Languages in danger – seven, including Quechua and Maori, undergoing a revival and one, Malaysia’s Iban, that could use some more help
Language policy
  • Unesco’s Atlas of the World’s Languages in Danger includes some spoken only in one village but others that have had a renaissance, such as Basque and Welsh

More than half the world’s languages have no written form. Some don’t have words for “yes” and “no” or numbers higher than two. A few, such as Fala (Spain), Lorang (Indonesia), Duhumbi (India) and Fuma (China) are spoken only in a single village and are largely unintelligible to those living in the next valley.

Unesco’s Atlas of the World’s Languages in Danger (available in print and online form) aims to raise awareness of those on life support, but it is not all doom and gloom. Unesco also documents dormant languages and dialects that have been resuscitated.

Here are eight that are enjoying a linguistic renaissance, although one or two could use a little help.

A Hebrew language school in Dubai last month. Photo: Getty Images

History suggests there has been only one example of a language being completely revived and established as a national tongue. Extinct as an everyday means of communication for 2,000 years (although it was still used as a written language of prayer, commerce and literature), Hebrew has gone from having no native speakers to being the mother tongue for several million in a little more than 100 years.

The need for a lingua franca led to it being reclaimed in the late 19th century. Borrowing vocabulary and grammar from languages spoken by Jewish migrants such as Yiddish, Arabic, Polish and Russian, Hebrew became the national language upon the founding of Israel in 1948.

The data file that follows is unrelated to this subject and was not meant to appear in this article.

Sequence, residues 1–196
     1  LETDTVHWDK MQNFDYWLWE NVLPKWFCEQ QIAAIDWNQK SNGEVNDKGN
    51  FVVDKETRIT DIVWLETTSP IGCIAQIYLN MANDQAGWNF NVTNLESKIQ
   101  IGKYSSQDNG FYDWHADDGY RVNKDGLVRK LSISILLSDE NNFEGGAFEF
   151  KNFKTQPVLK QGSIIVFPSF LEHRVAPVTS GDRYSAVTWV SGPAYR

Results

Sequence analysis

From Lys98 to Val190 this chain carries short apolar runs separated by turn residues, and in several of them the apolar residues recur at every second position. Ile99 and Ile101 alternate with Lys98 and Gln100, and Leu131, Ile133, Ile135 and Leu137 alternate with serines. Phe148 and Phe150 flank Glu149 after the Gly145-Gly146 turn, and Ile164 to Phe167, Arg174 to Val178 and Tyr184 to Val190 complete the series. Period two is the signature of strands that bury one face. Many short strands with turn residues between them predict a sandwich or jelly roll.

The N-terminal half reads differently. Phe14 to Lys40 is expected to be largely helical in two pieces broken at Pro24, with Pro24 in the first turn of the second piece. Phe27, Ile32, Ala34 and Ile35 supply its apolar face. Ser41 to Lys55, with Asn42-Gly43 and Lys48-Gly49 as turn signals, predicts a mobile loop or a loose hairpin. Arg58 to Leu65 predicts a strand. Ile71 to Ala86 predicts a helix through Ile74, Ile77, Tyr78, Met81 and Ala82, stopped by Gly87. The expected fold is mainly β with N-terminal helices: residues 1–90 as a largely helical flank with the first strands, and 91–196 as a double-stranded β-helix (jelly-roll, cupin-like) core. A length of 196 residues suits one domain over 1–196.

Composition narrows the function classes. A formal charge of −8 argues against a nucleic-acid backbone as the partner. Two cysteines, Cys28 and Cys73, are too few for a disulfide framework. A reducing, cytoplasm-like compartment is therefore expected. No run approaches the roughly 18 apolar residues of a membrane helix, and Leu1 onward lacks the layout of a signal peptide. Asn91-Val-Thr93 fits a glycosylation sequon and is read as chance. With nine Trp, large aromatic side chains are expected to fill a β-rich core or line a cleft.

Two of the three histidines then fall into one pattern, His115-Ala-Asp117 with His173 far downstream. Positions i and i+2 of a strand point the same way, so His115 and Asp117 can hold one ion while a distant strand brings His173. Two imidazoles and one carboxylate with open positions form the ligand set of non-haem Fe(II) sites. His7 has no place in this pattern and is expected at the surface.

Adventure in the Andes – from Peru to Bolivia and back again

Te reo Māori, the Māori language, is another revitalisation success story. Native to New Zealand, the Polynesian patois boasts more than 60,000 speakers. Banned in classrooms by British colonials, many Māori parents urged their children to learn English as those without it would be at a disadvantage in the search for employment.

Over a century later, the language underwent a renaissance as part of a reassertion of Māori culture and identity.

This renewed interest led to the passing of the Māori Language Act in 1987, which gave it official status on signage, in schools, court and in parliament, where Māori interpreters are available. In 2018, New Zealand Prime Minister Jacinda Ardern promised that her newborn daughter would be taught Māori.

Children learn about Māori culture at a primary school in Queenstown, New Zealand, in May. Photo: Getty Images

Despite being spoken by around eight million South Americans, Quechua appears in the Atlas of the World’s Languages in Danger. Deep-seated discrimination works against indigenous language acquisition in the Andes as educational and job opportunities favour Spanish speakers. Much like their Māori counterparts years before, many Quechua-speaking parents avoid using their own “backward” tongue in front of the kids.

They realise the only way for their children to escape a life of poverty and marginalisation is to acquire the socially prestigious language of the coloniser. Fortunately, the vernacular of the Inca Empire isn’t dead just yet.

Television and radio programmes in the Amerindian language are now broadcast in Peru while laws passed in Bolivia require all state employees to be competent in at least one indigenous language.

La Concha beach in San Sebastian, in Spain’s Basque Country, in July. Photo: Getty Images

Another example of the fight to retain cultural identity – despite attempts to force citizens into adopting the dominant language – brings us to Basque. Today, Euskara, as it is known locally, is one of Spain’s official languages but during his iron-fisted rule from 1939 to 1975, Spanish dictator Francisco Franco forbade people from speaking it.

Those who did were fined, imprisoned or beaten by the police. In the face of this crackdown, or “linguicide”, classes continued to be held in secret learning centres. Efforts to preserve the language paid off.